12 October 2008

HD: Look Ahead to October 2008 Quarterly Results

When we analyzed Home Depot's 10-Q quarterly report for the second quarter of the 2008 fiscal year, the GCFR Overall gauge of the company's performance and value increased from 46 to 50 of the 100 possible points. 

The Overall score edged up despite downward pressure from lower Cash Flow from Operations and Net Income.  The countervailing force was the weight given by the contrary-minded Value gauge to the historically low Price/Earnings, Price/Revenue, and Enterprise Value/Cash Flow (EV/CFO) as determined on 31 July 2008.  The P/E value was also at a significant discount to the S&P 500's multiple.

Given the current market conditions, it's not surprising that Home Depot shares are trading at an even lower price now.

The Home Depot, Inc. (NYSE: HD) is the largest retailer of do-it-yourself merchandise, which includes building materials, home improvement supplies, and lawn and garden products.  It competes fiercely with Lowe's (NYSE: LOW) and various other, generally smaller, hardware and lumber retailers.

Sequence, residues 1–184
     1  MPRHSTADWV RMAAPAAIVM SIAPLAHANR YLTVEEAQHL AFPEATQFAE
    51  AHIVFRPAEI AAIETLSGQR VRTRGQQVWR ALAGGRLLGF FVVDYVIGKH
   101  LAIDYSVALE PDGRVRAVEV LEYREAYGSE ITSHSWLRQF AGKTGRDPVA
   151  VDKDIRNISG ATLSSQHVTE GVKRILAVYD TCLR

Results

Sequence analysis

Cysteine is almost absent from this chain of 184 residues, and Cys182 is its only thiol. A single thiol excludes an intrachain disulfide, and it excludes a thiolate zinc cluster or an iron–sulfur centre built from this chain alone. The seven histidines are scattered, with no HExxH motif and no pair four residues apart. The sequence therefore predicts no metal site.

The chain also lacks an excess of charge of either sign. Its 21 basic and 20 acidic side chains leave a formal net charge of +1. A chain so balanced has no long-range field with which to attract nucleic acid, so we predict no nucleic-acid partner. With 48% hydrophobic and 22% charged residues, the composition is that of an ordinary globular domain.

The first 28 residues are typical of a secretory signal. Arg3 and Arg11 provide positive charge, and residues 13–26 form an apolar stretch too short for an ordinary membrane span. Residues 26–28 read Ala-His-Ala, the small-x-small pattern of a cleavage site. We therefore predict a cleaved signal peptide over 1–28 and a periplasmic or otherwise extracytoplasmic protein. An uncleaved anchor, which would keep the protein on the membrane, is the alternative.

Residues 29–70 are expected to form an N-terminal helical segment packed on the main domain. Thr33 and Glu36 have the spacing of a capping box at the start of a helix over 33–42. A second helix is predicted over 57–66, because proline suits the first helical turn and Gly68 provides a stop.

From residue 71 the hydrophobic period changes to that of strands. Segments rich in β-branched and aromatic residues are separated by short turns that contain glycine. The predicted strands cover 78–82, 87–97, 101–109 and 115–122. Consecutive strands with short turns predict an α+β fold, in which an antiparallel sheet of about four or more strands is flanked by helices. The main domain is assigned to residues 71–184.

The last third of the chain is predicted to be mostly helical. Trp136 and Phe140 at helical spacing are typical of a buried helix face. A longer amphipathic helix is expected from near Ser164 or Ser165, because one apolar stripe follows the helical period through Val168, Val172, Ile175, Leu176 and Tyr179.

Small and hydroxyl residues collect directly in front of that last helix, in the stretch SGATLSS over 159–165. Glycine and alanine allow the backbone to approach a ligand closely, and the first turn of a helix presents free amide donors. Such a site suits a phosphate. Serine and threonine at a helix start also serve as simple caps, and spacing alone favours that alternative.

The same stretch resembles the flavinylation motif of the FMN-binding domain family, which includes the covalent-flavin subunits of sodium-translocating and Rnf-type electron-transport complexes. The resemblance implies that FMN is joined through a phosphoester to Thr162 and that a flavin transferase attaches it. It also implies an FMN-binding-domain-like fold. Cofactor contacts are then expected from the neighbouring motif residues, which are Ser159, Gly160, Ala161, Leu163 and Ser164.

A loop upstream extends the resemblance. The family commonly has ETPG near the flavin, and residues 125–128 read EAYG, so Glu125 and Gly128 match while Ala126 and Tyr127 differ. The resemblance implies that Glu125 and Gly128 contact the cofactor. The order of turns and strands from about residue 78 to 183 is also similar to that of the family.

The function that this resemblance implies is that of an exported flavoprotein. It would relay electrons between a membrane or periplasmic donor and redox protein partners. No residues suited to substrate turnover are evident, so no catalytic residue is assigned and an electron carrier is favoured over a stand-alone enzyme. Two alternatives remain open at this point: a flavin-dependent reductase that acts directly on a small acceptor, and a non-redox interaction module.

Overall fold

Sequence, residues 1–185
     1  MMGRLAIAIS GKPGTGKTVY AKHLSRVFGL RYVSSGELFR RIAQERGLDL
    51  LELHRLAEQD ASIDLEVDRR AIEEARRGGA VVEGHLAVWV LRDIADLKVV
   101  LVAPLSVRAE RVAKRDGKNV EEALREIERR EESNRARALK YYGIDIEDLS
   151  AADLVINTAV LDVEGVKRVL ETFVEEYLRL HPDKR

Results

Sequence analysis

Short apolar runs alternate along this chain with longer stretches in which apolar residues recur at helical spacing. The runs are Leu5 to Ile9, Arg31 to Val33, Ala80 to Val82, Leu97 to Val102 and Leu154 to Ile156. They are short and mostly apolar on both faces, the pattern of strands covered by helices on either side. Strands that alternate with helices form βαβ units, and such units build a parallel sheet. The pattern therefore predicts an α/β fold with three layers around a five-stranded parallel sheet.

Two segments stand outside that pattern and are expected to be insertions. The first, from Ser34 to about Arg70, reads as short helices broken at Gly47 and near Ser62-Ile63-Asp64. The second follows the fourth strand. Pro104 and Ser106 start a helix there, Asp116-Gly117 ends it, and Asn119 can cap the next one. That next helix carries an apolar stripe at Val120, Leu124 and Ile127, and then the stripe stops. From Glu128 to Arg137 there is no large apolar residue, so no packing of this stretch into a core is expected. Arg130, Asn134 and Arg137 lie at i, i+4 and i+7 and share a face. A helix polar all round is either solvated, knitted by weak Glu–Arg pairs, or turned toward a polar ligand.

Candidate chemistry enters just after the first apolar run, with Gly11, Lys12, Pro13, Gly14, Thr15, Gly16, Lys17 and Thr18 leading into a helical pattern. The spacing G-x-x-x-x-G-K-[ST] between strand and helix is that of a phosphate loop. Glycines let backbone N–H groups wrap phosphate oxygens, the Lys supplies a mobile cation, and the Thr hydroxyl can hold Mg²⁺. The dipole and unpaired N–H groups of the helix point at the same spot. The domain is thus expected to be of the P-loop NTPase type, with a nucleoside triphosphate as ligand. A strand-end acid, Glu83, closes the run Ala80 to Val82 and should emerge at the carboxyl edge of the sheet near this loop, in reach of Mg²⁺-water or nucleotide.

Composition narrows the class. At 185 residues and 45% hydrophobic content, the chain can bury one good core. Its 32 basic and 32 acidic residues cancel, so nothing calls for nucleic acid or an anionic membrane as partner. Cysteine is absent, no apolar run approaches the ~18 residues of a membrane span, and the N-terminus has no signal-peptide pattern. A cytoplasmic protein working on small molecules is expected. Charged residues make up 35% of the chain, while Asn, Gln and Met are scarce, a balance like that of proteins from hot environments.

New management sold the Home Depot Supply division, which served professional contractors, to a consortium of private equity firms on 31 August 2007.  The price was $8.5 billion, or $1.8 billion less than the figure originally negotiated.  Management then executed a $10.7 billion Dutch Auction tender offer for Home Depot shares.